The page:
Ayurveda, Part I

By John Amaro, LAc, DC, Dipl. Ac.(NCCAOM), Dipl.Med.Ac.(IAMA) and Abbas Qutab, MD, DC, FIACA

Those of you who were around in the early days of the '70s are vitally aware of a phenomena which occurred, namely the adoption of a new healing art which spread rapidly throughout the entire North American continent. I refer, of course, to acupuncture.

Today, with acupuncture being licensed in over half of the U.S., its practitioners being considered primary health care providers, and, in some states, physicians, acupuncture has earned a respected place alongside the conventional healing arts.

Given the fact there are more acupuncture colleges in California than there are chiropractic colleges in the world, is cause for alarm for a large proportion of our profession, especially for those DCs whose state law does not permit the use of acupuncture.

But as significant as acupuncture's growing popularity in the '70s, another healing art (which holds as much promise and was also born out of a foreign land, dating back thousands of years) looms on the horizon. It has already received very favorable press, been endorsed by the medical establishment, and is seeing thousands of patients heading for the doors of its practitioners. The science is ayurveda.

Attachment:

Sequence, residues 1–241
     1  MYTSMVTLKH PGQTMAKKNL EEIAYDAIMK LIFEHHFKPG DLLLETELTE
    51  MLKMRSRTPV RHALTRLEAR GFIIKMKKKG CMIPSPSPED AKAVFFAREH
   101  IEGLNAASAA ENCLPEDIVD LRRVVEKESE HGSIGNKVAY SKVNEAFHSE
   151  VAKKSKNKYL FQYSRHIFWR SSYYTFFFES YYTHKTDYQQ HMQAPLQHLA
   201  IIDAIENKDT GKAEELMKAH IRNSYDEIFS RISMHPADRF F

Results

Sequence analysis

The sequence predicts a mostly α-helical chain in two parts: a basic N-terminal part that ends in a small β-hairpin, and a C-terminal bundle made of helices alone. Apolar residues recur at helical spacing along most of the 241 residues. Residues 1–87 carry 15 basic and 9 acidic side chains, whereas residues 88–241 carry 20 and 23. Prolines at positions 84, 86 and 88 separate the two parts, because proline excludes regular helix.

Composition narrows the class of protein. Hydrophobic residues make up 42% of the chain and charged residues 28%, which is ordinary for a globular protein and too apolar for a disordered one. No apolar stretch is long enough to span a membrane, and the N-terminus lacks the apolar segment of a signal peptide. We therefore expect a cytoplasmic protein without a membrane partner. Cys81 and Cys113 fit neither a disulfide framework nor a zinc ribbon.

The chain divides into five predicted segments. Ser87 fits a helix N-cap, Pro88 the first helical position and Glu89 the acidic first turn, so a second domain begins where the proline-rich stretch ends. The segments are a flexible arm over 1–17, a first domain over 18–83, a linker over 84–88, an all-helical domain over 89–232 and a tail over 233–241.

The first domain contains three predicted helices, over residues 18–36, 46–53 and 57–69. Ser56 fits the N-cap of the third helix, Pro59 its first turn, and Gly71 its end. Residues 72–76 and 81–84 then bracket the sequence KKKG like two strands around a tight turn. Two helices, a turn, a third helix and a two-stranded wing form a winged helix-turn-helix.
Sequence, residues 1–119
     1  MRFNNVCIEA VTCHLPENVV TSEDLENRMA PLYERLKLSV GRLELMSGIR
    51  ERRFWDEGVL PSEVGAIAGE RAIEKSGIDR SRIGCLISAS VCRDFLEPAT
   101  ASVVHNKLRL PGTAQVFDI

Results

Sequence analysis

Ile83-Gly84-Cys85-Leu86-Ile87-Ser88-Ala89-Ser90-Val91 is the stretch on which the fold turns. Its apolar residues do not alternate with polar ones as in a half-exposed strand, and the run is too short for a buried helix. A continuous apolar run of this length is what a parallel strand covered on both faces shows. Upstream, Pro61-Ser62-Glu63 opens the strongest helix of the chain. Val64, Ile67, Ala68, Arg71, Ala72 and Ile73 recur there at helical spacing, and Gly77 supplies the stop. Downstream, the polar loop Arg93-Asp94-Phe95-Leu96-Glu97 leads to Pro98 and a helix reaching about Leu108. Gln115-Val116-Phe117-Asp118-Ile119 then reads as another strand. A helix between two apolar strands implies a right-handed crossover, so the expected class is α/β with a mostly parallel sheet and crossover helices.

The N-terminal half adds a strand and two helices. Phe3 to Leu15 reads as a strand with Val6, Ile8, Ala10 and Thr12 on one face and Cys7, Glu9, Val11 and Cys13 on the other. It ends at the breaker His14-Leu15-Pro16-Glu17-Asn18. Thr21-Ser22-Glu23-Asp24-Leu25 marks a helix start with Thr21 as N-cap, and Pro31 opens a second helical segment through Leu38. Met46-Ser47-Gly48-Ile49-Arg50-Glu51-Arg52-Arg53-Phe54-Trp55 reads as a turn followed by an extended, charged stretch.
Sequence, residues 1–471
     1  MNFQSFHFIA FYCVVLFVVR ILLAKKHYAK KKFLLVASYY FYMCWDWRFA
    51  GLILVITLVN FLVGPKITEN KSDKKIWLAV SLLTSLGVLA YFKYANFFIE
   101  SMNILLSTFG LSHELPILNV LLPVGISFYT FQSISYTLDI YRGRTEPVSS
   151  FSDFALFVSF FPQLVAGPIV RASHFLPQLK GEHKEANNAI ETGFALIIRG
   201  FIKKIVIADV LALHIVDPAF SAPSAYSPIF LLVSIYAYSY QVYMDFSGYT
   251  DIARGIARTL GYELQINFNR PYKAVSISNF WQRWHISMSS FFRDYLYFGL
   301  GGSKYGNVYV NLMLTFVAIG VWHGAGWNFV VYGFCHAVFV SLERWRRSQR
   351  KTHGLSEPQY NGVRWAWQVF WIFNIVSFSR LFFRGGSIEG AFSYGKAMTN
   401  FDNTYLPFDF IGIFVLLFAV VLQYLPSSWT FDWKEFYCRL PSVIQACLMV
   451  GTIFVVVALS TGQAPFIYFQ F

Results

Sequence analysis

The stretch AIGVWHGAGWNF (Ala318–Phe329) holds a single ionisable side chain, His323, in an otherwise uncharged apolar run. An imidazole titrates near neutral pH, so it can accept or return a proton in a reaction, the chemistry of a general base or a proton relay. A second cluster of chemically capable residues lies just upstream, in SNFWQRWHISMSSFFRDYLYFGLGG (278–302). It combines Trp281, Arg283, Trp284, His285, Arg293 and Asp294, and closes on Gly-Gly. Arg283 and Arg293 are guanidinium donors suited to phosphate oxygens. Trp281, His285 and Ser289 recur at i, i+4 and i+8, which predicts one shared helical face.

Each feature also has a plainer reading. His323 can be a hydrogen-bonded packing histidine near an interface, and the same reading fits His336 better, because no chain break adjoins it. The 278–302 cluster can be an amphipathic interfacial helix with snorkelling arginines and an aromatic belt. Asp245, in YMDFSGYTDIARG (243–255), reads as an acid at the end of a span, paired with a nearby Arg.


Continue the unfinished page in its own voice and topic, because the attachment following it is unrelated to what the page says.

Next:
No, I don't feel it will replace acupuncture, but ayurveda holds a great deal of promise as being "the next frontier."

My very good friend and colleague, Abbas Qutab, M.D., D.C., F.I.A.C.A., has experience in ayurveda spanning nearly a quarter of a century. He has considerable expertise in ayurveda and has greatly contributed to its development as past house physician and surgeon for the district hospital in Bahawalnager, Pakistan. He is currently senior research assistant professor of New York Chiropractic College, as well as senior research fellow in neurosciences. He is also a postgraduate professor of acupuncture with the International Academy of Clinical Acupuncture.

I've asked Dr. Qutab to explain ayurveda in this two part series.

Ayurveda -- The Next Frontier in Healing, Part I